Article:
Acts 19:1-5 While Apollos was in Corinth, Paul passed through the interior regions and came to Ephesus, where he found some disciples.  2 He said to them, “Did you receive the Holy Spirit when you became believers?” They replied, “No, we have not even heard that there is a Holy Spirit.”  3 Then he said, “Into what then were you baptized?” They answered, “Into John’s baptism.”  4 Paul said, “John baptized with the baptism of repentance, telling the people to believe in the one who was to come after him, that is, in Jesus.”  5 On hearing this, they were baptized in the name of the Lord Jesus.

Texts like these have caused some to assert that a few of the original readers of the Gospel were placing too much emphasis on the importance of John the Baptist and that John was aiming to rectify any misunderstandings right at the outset of his gospel.

The problem is, John also wanted to show the importance of the Baptist by virtue of the message that he carried, while not giving people the wrong idea. This may seem silly or pointless, but there are about a billion people around the world who alongside Jesus worship a young Jewish virgin by the name of Mary. Before we protestants get too cocky, most of us worship in denominations stated by differing interpretations of one person or one group. Amazingly, God still works through us.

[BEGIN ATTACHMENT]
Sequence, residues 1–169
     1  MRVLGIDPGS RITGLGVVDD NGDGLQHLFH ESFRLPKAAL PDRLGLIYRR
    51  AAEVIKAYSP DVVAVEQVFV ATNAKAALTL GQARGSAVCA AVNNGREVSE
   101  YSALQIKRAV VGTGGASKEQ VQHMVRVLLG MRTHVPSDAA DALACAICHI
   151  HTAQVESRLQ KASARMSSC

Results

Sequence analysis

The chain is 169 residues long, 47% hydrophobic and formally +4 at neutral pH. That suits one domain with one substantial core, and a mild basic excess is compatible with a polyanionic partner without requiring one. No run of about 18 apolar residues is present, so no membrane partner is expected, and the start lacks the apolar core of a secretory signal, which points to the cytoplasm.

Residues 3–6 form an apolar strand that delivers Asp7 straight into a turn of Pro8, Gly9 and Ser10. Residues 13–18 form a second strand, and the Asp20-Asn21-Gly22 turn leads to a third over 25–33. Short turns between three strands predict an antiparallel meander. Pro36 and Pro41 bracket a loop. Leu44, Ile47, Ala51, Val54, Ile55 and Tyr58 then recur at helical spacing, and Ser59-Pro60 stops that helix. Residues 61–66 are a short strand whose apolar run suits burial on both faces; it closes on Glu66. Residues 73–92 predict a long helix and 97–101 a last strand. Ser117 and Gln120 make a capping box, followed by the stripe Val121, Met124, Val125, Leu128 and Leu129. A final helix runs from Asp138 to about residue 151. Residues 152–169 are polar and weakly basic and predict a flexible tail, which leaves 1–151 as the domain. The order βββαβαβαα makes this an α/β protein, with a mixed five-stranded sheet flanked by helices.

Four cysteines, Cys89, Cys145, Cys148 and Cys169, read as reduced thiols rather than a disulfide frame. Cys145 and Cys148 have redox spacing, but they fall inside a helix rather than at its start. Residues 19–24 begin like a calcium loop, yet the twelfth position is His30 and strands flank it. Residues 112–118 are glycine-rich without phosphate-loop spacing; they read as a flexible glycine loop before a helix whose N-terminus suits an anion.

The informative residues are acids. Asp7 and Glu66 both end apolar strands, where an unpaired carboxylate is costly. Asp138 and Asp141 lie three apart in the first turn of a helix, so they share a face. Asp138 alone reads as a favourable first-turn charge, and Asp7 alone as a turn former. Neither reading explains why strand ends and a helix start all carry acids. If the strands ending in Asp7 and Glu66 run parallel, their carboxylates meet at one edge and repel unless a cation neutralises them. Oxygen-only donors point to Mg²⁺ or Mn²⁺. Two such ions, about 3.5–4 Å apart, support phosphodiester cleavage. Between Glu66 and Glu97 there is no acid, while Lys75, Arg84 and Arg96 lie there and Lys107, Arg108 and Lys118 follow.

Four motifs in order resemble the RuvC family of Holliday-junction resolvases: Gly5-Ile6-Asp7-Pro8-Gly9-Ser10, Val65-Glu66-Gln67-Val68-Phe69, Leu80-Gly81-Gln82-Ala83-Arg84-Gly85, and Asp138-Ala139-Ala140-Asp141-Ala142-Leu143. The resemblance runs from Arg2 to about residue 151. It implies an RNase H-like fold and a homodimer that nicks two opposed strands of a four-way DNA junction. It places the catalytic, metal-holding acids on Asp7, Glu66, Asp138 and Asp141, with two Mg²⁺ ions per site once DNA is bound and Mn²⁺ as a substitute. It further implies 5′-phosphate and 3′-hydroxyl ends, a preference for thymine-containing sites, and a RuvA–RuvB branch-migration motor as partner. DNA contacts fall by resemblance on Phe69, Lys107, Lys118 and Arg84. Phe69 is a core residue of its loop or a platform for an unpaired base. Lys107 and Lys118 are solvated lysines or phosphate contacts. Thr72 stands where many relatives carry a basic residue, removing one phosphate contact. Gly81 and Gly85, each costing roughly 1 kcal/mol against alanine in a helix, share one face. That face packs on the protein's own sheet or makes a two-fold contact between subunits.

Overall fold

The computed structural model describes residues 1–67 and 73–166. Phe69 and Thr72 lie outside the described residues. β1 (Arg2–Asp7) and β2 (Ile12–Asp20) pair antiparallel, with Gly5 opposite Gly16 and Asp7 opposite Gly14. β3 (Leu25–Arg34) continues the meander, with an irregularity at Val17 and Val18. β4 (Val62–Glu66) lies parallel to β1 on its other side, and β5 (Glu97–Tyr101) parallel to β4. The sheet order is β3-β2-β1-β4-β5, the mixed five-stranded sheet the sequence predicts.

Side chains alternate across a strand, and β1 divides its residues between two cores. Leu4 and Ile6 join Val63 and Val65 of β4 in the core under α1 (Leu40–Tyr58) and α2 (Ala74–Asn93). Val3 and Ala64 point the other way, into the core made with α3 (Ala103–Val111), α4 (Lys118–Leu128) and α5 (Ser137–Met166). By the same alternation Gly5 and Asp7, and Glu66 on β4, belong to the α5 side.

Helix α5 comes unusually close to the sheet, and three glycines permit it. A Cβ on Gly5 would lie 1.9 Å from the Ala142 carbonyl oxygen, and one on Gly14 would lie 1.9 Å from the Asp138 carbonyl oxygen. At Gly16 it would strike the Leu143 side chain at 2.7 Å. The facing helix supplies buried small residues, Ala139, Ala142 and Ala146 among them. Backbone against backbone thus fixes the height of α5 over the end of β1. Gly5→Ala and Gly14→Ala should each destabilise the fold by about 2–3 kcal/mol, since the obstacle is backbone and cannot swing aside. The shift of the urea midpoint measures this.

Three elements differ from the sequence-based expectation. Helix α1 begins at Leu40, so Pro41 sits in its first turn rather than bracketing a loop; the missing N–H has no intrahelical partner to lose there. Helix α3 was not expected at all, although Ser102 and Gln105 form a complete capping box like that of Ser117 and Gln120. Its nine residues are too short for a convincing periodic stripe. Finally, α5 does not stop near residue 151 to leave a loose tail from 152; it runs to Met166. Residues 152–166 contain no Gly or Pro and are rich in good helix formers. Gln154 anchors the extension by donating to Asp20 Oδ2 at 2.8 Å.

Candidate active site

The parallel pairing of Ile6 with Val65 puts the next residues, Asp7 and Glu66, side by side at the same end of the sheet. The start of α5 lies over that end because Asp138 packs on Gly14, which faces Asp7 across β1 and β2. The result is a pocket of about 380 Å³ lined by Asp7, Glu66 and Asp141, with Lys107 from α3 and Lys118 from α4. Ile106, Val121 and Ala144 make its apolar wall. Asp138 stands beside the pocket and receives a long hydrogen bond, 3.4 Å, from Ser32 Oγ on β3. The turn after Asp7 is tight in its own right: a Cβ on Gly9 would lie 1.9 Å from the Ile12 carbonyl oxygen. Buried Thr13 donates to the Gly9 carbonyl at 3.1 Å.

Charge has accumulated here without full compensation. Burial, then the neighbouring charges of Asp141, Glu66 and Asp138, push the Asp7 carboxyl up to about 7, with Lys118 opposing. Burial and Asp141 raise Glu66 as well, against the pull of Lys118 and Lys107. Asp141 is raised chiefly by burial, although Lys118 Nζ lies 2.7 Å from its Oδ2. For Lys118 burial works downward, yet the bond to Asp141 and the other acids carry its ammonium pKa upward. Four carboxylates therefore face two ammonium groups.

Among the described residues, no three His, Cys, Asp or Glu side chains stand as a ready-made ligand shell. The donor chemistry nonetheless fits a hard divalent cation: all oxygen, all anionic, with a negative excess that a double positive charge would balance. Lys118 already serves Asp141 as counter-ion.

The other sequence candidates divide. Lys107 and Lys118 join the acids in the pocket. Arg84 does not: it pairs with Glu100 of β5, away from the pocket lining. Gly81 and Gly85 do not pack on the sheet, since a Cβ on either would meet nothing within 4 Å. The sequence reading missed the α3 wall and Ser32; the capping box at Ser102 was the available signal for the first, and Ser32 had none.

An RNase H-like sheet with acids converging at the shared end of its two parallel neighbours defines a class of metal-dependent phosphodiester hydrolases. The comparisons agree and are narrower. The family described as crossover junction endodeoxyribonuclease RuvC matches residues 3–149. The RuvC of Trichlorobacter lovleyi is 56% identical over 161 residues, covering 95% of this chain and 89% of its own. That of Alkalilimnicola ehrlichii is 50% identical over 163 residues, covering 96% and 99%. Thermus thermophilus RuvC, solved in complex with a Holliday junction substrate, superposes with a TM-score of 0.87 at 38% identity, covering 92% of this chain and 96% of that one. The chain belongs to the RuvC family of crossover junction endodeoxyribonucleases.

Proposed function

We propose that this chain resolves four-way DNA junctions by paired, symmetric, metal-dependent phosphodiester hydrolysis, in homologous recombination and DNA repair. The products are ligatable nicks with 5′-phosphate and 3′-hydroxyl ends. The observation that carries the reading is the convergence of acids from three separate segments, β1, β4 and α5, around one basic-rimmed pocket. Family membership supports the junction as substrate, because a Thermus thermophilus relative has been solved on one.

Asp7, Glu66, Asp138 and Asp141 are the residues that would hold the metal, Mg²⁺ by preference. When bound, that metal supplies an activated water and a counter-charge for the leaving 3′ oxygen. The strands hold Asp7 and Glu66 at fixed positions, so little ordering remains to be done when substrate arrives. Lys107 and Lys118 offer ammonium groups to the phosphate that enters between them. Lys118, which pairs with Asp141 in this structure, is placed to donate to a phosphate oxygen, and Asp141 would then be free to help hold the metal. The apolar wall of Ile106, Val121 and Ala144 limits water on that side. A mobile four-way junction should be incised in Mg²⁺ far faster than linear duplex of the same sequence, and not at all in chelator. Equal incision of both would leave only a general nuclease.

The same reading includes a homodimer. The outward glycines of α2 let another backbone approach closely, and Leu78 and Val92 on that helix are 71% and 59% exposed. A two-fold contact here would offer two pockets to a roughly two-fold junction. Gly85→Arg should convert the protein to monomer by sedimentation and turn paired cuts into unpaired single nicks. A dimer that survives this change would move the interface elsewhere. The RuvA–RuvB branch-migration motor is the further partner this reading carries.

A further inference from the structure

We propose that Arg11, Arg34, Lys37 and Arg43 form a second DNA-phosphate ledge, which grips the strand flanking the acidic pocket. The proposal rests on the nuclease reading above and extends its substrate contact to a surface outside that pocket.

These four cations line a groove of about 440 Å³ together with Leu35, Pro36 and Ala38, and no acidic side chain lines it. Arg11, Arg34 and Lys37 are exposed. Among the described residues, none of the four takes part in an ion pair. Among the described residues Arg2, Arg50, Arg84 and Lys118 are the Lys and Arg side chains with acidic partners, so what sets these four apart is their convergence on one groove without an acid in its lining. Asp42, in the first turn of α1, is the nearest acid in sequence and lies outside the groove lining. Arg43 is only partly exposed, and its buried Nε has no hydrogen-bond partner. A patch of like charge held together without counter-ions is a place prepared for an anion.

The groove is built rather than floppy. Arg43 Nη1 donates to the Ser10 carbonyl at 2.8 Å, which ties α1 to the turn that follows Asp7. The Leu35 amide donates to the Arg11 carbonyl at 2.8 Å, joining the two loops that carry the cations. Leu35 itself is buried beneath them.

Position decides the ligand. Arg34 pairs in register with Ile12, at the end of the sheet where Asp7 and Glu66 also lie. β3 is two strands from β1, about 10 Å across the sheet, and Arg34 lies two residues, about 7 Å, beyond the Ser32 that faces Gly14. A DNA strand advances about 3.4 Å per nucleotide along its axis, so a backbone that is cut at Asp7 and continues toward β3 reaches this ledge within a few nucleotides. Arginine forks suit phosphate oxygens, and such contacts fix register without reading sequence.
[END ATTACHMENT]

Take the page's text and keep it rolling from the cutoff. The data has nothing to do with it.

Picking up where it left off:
So, the verses about the Baptist which intrude so noticeable are there for a purpose. By standing out so much they draw attention to an issue: the problem of the relation between revelation and the witness to revelation. The Baptist is the witness.”

What is a witness?

John 1:7  7 He came as a witness to testify to the light, so that all might believe through him

One of the real buzzwords that John uses in his Gospel is the word for ‘witness’ or ‘to eyewitness’ John uses it 46 times in his gospel which comprises almost half of its uses in the entire New Testament! The concept of a “Witness” was especially a legal concept in the Greco-Roman world and in Jewish circles. John especially borrows from the imagery of Isaiah.

Isaiah 43:10   10 You are my witnesses, says the LORD, and my servant whom I have chosen, so that you may know and believe me and understand that I am he. Before me no god was formed, nor shall there be any after me. Isaiah 44:8  8 Do not fear, or be afraid; have I not told you from of old and declared it? You are my witnesses! Is there any god besides me? There is no other rock; I know not one.